Jarek Jarzębowski: Has your experience in ambassador, champions, and super-user programs significantly influenced what you're doing now? Or did you need to learn many new skills and grow when you joined Appwrite?
Aditya Oberai: That's a great question. Many of my experiences in ambassador programs gave me a solid foundation, which eased my transition into a full-time developer relations career.
At the heart of being a developer advocate, you must be a technologist. For instance, I need to work with technologies, dive deep into them, and truly understand them. This understanding is pivotal for empathizing with the community.
As an ambassador, I had similar experiences. For instance, within the Microsoft MVPs, I contributed to .NET and some of Azure's PaaS offerings. This required me to build a certain level of expertise to discuss, share, guide, and educate others about these technologies. These skills naturally transitioned into my role now.
Similarly, communication skills and the ability to collaborate with people globally are quite transferable, moving from being an ambassador to a full-time developer relations team member.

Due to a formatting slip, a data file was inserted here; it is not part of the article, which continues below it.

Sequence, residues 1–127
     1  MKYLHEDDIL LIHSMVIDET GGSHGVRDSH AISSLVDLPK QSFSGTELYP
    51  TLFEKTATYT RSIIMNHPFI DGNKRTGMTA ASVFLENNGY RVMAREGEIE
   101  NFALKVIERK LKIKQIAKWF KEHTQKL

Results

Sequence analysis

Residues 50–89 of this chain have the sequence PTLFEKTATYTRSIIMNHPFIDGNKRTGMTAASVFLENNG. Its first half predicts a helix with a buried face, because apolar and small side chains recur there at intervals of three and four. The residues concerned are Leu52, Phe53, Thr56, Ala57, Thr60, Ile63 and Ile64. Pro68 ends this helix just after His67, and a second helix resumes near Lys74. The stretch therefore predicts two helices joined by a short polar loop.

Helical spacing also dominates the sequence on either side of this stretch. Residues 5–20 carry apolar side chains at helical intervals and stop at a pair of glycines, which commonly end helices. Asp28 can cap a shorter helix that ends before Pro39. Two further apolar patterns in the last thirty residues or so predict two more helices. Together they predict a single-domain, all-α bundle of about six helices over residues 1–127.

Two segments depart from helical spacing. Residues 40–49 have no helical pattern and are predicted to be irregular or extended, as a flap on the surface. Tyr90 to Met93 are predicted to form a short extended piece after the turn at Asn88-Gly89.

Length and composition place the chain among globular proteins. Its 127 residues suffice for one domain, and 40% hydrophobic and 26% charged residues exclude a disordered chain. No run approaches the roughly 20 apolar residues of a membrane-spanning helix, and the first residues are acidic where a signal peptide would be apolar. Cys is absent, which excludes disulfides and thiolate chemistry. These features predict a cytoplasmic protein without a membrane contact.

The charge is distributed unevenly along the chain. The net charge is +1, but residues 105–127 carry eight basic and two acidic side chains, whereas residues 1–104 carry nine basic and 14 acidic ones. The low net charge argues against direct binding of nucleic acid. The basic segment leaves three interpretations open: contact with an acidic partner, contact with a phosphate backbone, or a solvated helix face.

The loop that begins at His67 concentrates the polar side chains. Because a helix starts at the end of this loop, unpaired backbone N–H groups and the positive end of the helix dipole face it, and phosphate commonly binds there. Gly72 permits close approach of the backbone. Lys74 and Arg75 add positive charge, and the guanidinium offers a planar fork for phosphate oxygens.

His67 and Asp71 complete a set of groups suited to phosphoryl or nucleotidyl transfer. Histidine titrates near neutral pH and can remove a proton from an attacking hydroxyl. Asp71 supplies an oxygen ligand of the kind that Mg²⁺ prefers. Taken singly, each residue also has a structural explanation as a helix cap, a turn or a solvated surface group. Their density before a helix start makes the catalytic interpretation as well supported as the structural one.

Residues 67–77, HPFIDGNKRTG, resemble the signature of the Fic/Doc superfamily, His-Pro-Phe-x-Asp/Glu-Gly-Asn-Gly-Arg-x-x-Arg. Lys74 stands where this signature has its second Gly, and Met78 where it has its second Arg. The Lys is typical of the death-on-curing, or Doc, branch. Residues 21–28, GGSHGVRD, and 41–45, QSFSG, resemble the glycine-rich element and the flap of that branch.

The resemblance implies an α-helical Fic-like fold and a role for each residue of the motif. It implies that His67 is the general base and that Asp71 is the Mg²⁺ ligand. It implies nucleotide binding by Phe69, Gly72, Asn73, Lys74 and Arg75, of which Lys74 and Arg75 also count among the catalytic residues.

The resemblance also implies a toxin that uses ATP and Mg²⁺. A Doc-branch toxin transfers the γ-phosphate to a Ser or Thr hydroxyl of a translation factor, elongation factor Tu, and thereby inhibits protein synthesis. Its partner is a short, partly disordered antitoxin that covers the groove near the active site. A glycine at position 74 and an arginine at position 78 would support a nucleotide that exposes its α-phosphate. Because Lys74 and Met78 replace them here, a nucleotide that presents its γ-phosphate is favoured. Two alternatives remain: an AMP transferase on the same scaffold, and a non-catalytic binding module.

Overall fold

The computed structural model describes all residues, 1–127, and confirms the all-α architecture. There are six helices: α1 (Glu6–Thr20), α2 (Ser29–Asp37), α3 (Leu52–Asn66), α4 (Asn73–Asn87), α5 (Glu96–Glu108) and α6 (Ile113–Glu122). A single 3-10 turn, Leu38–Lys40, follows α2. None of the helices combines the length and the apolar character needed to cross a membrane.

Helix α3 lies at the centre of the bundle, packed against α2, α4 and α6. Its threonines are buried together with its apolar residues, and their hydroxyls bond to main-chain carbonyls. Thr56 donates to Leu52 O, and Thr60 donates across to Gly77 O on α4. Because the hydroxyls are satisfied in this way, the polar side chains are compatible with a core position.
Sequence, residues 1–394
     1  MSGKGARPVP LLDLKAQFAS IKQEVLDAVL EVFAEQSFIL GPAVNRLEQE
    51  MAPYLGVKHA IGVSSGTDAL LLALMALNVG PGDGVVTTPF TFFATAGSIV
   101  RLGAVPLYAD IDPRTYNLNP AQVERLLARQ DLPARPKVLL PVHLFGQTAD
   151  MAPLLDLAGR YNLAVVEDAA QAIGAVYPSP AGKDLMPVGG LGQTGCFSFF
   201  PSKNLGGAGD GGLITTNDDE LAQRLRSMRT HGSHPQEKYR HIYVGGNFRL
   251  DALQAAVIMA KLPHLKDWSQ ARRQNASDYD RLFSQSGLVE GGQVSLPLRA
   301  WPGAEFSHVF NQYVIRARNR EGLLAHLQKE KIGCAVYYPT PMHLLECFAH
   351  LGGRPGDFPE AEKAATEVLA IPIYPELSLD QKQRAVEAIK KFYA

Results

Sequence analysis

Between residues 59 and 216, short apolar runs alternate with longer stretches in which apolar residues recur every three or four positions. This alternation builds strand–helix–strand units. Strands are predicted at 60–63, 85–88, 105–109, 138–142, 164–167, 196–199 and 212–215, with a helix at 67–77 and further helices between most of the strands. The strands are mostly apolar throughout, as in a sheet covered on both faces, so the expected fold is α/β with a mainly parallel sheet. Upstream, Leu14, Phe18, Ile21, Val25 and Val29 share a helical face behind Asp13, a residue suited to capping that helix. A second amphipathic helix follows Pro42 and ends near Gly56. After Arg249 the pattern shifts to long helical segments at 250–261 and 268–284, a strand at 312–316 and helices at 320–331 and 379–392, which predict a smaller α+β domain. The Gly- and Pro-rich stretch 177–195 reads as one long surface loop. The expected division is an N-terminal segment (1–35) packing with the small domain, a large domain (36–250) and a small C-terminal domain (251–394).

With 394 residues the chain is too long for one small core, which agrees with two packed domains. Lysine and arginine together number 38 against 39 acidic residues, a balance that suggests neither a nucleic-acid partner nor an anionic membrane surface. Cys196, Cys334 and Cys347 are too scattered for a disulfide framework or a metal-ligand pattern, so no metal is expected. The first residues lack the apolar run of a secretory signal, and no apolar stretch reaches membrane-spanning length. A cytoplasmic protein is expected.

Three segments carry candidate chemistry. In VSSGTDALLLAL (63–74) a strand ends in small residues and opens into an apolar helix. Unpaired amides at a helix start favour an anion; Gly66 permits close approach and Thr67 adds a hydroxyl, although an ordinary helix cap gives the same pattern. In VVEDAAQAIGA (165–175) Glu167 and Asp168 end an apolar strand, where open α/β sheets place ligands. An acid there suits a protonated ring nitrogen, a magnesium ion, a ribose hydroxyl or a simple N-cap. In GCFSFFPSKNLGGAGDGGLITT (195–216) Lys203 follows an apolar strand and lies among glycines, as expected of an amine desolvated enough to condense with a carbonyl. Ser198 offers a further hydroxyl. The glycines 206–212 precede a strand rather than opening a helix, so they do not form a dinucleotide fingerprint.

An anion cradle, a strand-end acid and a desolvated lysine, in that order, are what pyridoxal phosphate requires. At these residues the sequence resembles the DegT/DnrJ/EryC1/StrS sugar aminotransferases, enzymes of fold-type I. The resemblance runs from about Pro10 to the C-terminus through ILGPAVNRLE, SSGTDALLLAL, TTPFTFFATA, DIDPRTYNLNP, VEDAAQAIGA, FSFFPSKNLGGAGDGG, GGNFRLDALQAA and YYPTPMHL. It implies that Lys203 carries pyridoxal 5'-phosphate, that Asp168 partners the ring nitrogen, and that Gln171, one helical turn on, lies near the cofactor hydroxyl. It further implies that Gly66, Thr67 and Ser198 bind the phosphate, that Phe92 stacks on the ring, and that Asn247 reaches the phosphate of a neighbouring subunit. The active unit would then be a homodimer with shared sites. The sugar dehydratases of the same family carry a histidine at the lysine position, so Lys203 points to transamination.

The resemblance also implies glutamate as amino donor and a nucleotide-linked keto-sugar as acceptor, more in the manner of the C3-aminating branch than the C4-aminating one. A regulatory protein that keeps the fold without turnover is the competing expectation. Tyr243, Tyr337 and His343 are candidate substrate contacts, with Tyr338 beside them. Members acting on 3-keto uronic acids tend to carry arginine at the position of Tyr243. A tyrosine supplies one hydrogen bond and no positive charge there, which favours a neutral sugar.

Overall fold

While being an ambassador did lay down some foundational skills, one significant distinction I've noticed is grasping the business impact our team creates. This understanding, I believe, truly matures only when you engage in developer relations full-time. You get insights into why a team supports specific activities, how these activities benefit the community, and how they influence the perception and usage of a product. While the business impact side of things became clearer to me after joining the DevRel Space full-time, many of the foundational skills, from being a technologist to community engagement, seamlessly transferred over.
Jarek Jarzębowski: And is there anything else that you think other program managers should focus on to create a better experience for the champions, to create a better impact, and to essentially craft better programs? Since you have been on both sides, do you think there are some rules, guides, or recommendations that we can give to other program managers?
Aditya Oberai: One thing we've been trying to practice a lot is aside from creating a space where our heroes can contribute, we're also trying to ensure we're creating a space where they can relax, enjoy, and engage with each other and collaborate with each other as well.
In many ambassador programs that I've been a part of, collaboration across ambassadors often becomes a responsibility of the ambassadors themselves. We're trying to decrease the friction on that front for sure.